Ms. Copps says she then appealed to Mr. Chretien, who ordered the Canada Health Act reference removed from the budget, which had not yet been printed, despite Mr. Martin's
assertion. David Dodge, then deputy finance minister and now Bank of Canada governor, faxed a revised budget, minus the offending statement, to Ms. Copps' home just before midnight.
As finance minister early in the first Chretien government, Mr. Martin also came to cabinet one day suggesting the government "abolish the old age pension," Ms. Copps writes. To make his case, Mr. Martin is said to have come armed with figures showing how many seniors had above average incomes.
"He came before cabinet to propose that to be truly successful in wrestling the deficit to the ground, every Canadian had to feel the pain, including seniors."
Mr. Chretien nixed that idea, the book says.
Other proposals from Mr. Martin to abolish regional economic development plans sparked a "horrific fight" in cabinet. Mr. Martin lost.
Most of Ms. Copps' time in the Chretien cabinet was as heritage minister. Shortly after landing at Heritage, Ms. Copps met Mr. Martin to discuss cuts to her department.
" 'Look, Sheila,' said the minister of finance, out of the blue, 'if you want to raise money by privatizing the CBC, I'd have no problem with that.' I just looked at him. I saw to it that the idea went no further while the CBC was under my protection as minister."
Ms. Copps ran twice for the Liberal leadership. First in 1990, when Mr. Chretien won, Mr. Martin placed second and she was third. Last year, only Mr. Martin and Ms. Copps were on the leadership ballot and more than 90 per cent of the votes were for Mr. Martin.
"It was widespread organized fraud directed from the top," Ms. Copps charges.
She cites examples of "bogus" Liberal clubs favourable to Mr. Martin selecting delegates to the leadership convention, nomination meetings skewed to favour the Martin team, disqualification of voters favourable to Ms. Copps, $50 bribes being offered to Martin supporters to show up at meetings and returning officers who deliberately failed to initial ballots cast by Copps supporters.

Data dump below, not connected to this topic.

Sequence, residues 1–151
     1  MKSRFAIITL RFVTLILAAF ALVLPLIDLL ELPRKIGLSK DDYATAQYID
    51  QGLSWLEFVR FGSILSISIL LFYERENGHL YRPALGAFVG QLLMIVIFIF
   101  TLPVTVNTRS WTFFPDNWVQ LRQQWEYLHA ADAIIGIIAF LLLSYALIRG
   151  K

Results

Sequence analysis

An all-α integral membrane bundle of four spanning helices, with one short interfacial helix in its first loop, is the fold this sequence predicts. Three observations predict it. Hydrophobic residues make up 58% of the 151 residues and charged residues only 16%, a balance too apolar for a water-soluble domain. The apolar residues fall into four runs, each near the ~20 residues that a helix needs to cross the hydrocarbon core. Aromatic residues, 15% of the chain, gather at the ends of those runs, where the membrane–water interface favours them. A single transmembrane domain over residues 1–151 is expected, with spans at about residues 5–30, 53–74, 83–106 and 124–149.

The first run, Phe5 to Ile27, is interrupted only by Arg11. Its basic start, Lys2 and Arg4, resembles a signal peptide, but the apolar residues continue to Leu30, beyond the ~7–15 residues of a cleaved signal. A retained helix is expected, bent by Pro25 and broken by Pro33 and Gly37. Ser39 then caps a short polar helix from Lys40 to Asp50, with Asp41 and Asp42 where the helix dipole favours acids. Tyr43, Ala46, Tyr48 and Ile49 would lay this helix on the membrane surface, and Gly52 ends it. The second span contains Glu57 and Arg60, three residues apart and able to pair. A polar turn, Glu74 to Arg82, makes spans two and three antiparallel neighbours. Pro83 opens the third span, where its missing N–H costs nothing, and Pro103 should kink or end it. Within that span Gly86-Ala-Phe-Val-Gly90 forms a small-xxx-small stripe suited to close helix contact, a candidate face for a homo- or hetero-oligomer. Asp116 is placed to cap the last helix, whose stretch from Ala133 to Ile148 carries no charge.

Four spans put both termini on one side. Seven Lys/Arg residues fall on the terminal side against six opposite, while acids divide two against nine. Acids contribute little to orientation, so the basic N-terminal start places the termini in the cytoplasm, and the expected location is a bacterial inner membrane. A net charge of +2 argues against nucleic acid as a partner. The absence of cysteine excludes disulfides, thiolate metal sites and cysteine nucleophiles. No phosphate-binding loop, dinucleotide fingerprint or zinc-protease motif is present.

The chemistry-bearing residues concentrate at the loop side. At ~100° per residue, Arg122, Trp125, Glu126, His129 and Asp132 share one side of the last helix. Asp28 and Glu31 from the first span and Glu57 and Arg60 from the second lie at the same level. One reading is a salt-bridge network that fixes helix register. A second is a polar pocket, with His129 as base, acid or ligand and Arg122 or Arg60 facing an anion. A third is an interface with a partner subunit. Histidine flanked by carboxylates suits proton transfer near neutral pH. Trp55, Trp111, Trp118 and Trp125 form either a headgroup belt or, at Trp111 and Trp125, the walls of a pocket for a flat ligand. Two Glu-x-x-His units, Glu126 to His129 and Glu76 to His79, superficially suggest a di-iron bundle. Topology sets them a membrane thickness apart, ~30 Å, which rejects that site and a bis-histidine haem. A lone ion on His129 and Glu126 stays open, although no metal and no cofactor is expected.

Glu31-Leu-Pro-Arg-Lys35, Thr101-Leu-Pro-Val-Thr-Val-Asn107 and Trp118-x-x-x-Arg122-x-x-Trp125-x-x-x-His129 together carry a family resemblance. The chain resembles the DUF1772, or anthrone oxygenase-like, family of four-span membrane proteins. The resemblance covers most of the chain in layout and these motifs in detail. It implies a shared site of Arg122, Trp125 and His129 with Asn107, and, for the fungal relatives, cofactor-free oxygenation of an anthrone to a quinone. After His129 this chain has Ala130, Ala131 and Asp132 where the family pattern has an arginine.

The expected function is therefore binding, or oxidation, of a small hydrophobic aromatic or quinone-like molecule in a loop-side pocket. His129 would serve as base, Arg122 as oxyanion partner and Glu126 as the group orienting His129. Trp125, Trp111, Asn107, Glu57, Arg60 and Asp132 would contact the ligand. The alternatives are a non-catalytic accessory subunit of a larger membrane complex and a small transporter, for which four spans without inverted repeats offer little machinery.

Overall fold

"My own brother had the ballot torn from his hands in Notre-Dame de Grace (in Montreal) when it was discovered his name was Kevin Copps."
After losing the leadership, Ms. Copps wanted to remain in federal politics even when Mr. Martin indicated she would not be in his cabinet. But she found herself competing against another sitting Liberal MP, Tony Valeri, for the nomination in her riding. She lost that battle as well. Martin aides are blamed for orchestrating a series of "dirty tricks."
"The day of the meeting was Kafkaesque. We estimated that up to a thousand of our people were turned away at the doors. At one point, I was told by the fire department that I had to leave because there were so many people waiting in the corridors that it was a fire hazard. We estimated that 500 more ballots were counted than the number of people who voted. At one point, the chief returning office made a surprising ruling that all uninitialed ballots counted. Later, people found marked ballots stuffed in garbage cans."
The police are now investigating, Ms. Copps says.
Worth Fighting For is being launched by Ms. Copps on Monday with a series of campaign-style events in Ottawa, Montreal and Hamilton. A French-language version of the book is being published simultaneously.
The Citizen received an advance copy of the book on the agreement that its content be embargoed until its publication. That embargo was broken last night by the Canadian Press.
Despite the advance publicity, the book contains many more surprises for readers, said publisher Douglas Gibson of Douglas Gibson Books, McClelland & Stewart.
"It's unfortunate that some of its contents have been leaked to the press anonymously ahead of Sheila's official launch next week," he said. "But in this insider's account of what really went on in Ottawa, there are plenty of revelations still to come."
Ms. Copps' one-time political nemesis, former Conservative minister John Crosbie, has written a supportive introduction to the book and takes a few whacks at Mr. Martin himself. Mr. Chretien has written a foreword, wishing Ms. Copps, "a true Liberal," and her book "every success."
So, does that mean Mr. Chretien endorses the attack on Mr. Martin? Does Mr. Chretien think Mr. Martin is not "a true Liberal?" The plot thickens and thickens.
The reaction from Liberals to this book could ultimately have an impact on Mr. Martin's hold on his leadership. That reaction will also determine whether Ms. Copps' place in history is as a courageous whistle-blower, a cabinet tattle-tale or a vengeful politician scorned.
Meanwhile, Ms. Copps continues her appearances as an actor in a dinner theatre troupe performing Steel Magnolias in Kingston. But the real drama will be unfolding in Ottawa.